Investors will be able to build wealth by betting on stocks in sectors that are potentially in the value zone, either after a recent decline or already booming due to industry dynamics.
The S&P BSE Sensex and Nifty50 are down more than 7 percent in the past 3 months. the
the sell-off pushed the S&P BSE Sensex below 55,000 while the Nifty50 closed below 16,300 for the week ending June 10.
Real estate, BFSI and consumer are some of the sectors that have fallen by double digits in the last 3 months, while the auto and energy sectors managed to buck the trend in the same period.
Selling in the Indian market is largely due to weak global signals and aggressive rate hikes by central bankers around the world, which could reduce liquidity, trigger a supply shock, increase inflation and a contraction in demand. Volatility is here to stay, experts point out.
Overseas investors have withdrawn nearly Rs 14 billion so far in June. With this, the net outflow of foreign portfolio investors (FPIs) from the shares reached Rs 1.81 crore so far in 2022, data from depositories showed. read also
“The stock market is very likely to be volatile in the short term due to factors such as global supply chain disruption, increased interest around the world and in India, and uncertainty around the impact of inflation. in demand in all sectors, to name a few. said Prakash Gaurav Goel, Senior Fund Manager at Asset Management Company Limited.
“Meanwhile, the crucial factor in the Indian market environment will be inflation, crude oil prices and interest rates. From a medium to long-term perspective, what bodes well is the shift of global manufacturing market share to India,” he added.
The volatility is likely to continue in the short term, but long-term investors may want to consider buying stocks in sectors that have faced some selling pressure and also those that are experiencing some momentum.
“Blue chip indices, as well as the small and mid-cap universe, tested not only important support levels, but also their long-term valuation levels. The last 7 months of grinding correction has lowered the valuation multiple,” said Sahil Kapoor, Market Strategist and Head of Products, DSP Investment Managers.
“For example, Nifty P/E has fallen from nearly 24x to less than 19x when trading below 16,000 levels recently. With the rally renewed, it is very likely that Nifty has embarked on a journey to higher levels as earnings growth is well supported by the steady improvement in the Indian economy,” he said.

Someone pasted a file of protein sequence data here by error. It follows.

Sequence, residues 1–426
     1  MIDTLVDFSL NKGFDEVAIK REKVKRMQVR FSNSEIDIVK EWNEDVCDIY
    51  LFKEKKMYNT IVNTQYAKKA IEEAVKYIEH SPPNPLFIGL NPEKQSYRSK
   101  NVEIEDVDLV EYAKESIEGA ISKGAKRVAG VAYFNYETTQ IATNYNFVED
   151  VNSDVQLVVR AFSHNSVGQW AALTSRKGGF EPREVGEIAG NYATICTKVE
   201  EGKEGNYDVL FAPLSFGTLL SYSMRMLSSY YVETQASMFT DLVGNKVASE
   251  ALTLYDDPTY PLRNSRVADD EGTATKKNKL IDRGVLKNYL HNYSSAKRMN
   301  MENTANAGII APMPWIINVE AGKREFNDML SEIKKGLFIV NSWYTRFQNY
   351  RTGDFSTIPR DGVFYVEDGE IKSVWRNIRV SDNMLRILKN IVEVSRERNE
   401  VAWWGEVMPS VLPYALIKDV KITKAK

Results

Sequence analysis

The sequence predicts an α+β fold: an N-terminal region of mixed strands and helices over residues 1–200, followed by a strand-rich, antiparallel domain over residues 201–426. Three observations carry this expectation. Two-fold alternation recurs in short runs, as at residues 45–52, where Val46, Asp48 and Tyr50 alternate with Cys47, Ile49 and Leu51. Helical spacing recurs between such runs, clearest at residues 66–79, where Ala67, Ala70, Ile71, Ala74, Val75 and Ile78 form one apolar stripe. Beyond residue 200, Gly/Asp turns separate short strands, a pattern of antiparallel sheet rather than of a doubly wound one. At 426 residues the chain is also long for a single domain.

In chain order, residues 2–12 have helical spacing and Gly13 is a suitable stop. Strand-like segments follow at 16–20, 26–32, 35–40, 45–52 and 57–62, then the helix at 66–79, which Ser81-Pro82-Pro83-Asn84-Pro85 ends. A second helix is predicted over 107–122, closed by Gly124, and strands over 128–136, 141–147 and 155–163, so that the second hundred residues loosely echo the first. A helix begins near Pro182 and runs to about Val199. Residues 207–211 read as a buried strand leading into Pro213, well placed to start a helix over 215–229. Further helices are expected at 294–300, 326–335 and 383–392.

We have compiled a vision on sectors of several experts in the medium and long term:
Expert: Suresh Soni, CEO, Baroda
We are constructive on equity markets from a medium-term perspective. Today, we find attractive value in several sectors:
The sector(s)/share(s) mentioned do not constitute a recommendation thereof and Baroda BNP Paribas Mutual Fund may or may not have a future position in this sector(s).
Improved asset quality and a resumption of credit growth could help the sector. Concerns about credit quality, both in the corporate and retail sectors, have largely been left behind.
The sector has devalued in the last two years and we believe that certain companies in this sector are available at undemanding valuations. In addition, the increase in rates is expected to have a favorable impact on the NIM.
The government’s continued push in infrastructure construction, coupled with a revival of industrial CAPEX, bodes well for the sector. For the first time in recent years, we are seeing big CAPEX announcements in traditional sectors like cement, steel and petrochemicals, as well as in new age sectors like electronics, data center and electric vehicles.
With housing affordability at the best levels in a decade and consolidation in the sector post-RERA, we believe the sector is well positioned.
Expert: Hemang Jani, Head of Equity Strategy, Brokerage and Distribution,
The automobile is a sector in which we believe that the recovery is gradually visible. The sector is trading at ~24x P/E, which is ~5% off its historical average.
We expect demand to improve for passenger vehicles thanks to the easing of supply chain issues. MHCVs are likely to benefit from the government’s push for infrastructure activities, while LCVs should benefit from last-mile mobility.
The recent reduction in fuel excise duties also bodes well for CV demand, although there is no immediate respite. However, there would be a slow recovery in 2Wheeler and tractor volumes.
Expert: Rajesh Cheruvu, Chief Investment Officer at Validus Wealth
Q1FY23 should be the first year of ‘normal’ operations for Indian companies after Q1FY20.
The power vertical of India’s leading energy conglomerate is on track to deliver its best quarterly performance in over 20 years with refining margins nearly 2x mid-cycle. Similarly, upstream profitability is at its best.
Durable consumer goods:
Consumer durables should see a rebound in margins helped by realized price increases.
(Disclaimer: The recommendations, suggestions, points of view and opinions given by the experts are their own. These do not represent the views of the Economic Times)